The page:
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Book Reviews

Cycling Travel Journal by Claire Mason

Cycling Travel  JournalThe Cycling Travel Journal is not a book to read but a travel journal that you can use to record a travelogue of your cycle tour. After cycling more than 20,000 kms from London to Japan, Claire collaborated with her friend and artist Anna Butler to create a cycling-specific journal. Based on her own experiences of life on the road, it is designed and organised to help you quickly, and creatively capture your own adventures allowing you to tell your own story.

The journal is nicely organised with an initial world map to indicate your route, a page for a packing list and then individual double pages for each day of your tour which includes a small section for the date, distance, weather, location, start - finish and funnily 'Best meal of the day', surely when you are cycletouring isn't every meal the best meal of the day :-). In between each double lined page there are either some grid or blank pages for extended daily notes or sketches. In all there are 24 dated pages which is fine for a 4 week tour but should you be on a longer tour you could easily use the grid or blank pages and just add in your own headings. The lines are printed in a faint grey which still makes it possible to draw sketches on the pages without the lines seeming intrusive.

At the back of the journal there are a couple of pages of recipes and a section for recording the contact details of people that you have met on your tour and more importantly a section for emergency contact details. On a couple of the pages there are some small envelopes for storing mementos such as ticket stubs etc. which is a nice touch. The whole thing is nicely bound in a sensible dark green cover with a contrasting rubber band to kept everything together.

This is more that just a notebook or journal as it contains some lovely illustrations and little quotations to inspire you as you journey. In the past on our tours we have written our notes in just a very basic note book but by using this lovely journal it certainly would make that travelogue seem something much more special. I am sure that this journal would certainly appeal to anyone who enjoys writing a touring journal and drawing illustrations as they go along and it would certainly make a nice little present to any aspiring cycle tourist.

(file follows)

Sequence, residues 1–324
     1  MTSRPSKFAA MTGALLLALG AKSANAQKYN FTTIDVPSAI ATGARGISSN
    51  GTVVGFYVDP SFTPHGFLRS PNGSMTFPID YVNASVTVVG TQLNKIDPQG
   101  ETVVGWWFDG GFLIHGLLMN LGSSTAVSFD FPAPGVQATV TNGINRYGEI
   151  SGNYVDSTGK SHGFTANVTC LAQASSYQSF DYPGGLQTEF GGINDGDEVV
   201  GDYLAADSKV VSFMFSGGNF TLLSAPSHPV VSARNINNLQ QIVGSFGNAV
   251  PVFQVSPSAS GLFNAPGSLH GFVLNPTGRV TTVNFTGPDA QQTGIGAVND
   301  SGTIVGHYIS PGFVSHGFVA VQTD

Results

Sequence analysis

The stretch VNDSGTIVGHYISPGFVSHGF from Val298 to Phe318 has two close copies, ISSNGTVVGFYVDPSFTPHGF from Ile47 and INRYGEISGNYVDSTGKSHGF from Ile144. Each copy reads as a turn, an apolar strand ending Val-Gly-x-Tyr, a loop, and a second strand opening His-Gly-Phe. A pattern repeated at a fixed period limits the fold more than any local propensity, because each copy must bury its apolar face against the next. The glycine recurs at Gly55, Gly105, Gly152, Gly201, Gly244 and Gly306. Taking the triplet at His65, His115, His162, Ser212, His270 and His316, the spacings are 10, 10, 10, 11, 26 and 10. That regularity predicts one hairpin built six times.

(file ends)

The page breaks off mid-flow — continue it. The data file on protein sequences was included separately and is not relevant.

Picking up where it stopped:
The Cycling Travel Journal is available from Punctures and Panniers.

A Lake District Grand Tour by Mike Carden

A lake District Grand tour is the third of Mike's cycling adventures. This time his talkative steed Scott has been put into a well earned retirement and with a new bike he is joined by his long suffering son Richard who not only has to put up with his father being directionally challenged but he frequently finds himself getting cold as he patiently waits at the crest of each climb for his dad to arrive.

On this grand tour Mike takes us to all of the lakes, meres and waters of the lake district as well as to its extremities north, east, south and west. Mike's charming and easily readable style has you cycling alongside as he paints a wonderful picture of the differing landscapes of the Lake District in to which he weaves the history of the Lakeland fells and its surroundings. Something new for this book is an accompanying website lakedistrictgrandtour.co.uk this has details of all the routes with maps, pictures and links to the many places outlined in the book.

As ever Mike's sense of humour comes through from the 'Sleeping Policeman' on High street which had me thinking of speeding fellwalkers, to the pies OF BIBLICAL PROPORTIONS and his account of him zig zagging his way up the 25% & 30% inclines of the Hardknot and Wrynose passes which did make me giggle as it brought back so many memories of doing hill climbs and that urge not to let them beat you. I have also been that person "Push down those pedals, heart thumping, breath in gasps, push, push. Andddd...stopppp".

As you turn the pages it is easy to see Mike's love of the lake district which he has now made his home and his personal account of the 2008 Lakeland flood is quite touching. If this book doesn't get you itching to get your bike over to the lake district and explore it I don't know what will!

A Lake District Grand Tour is available from Bike Ride Maps.

A Bit Scottish by Mike Carden

A Bit Scott-ish imageAfter reading ‘The Full English I was sincerely hoping there would be a Scottish sequel and here it is ‘A Bit Scott-ish’!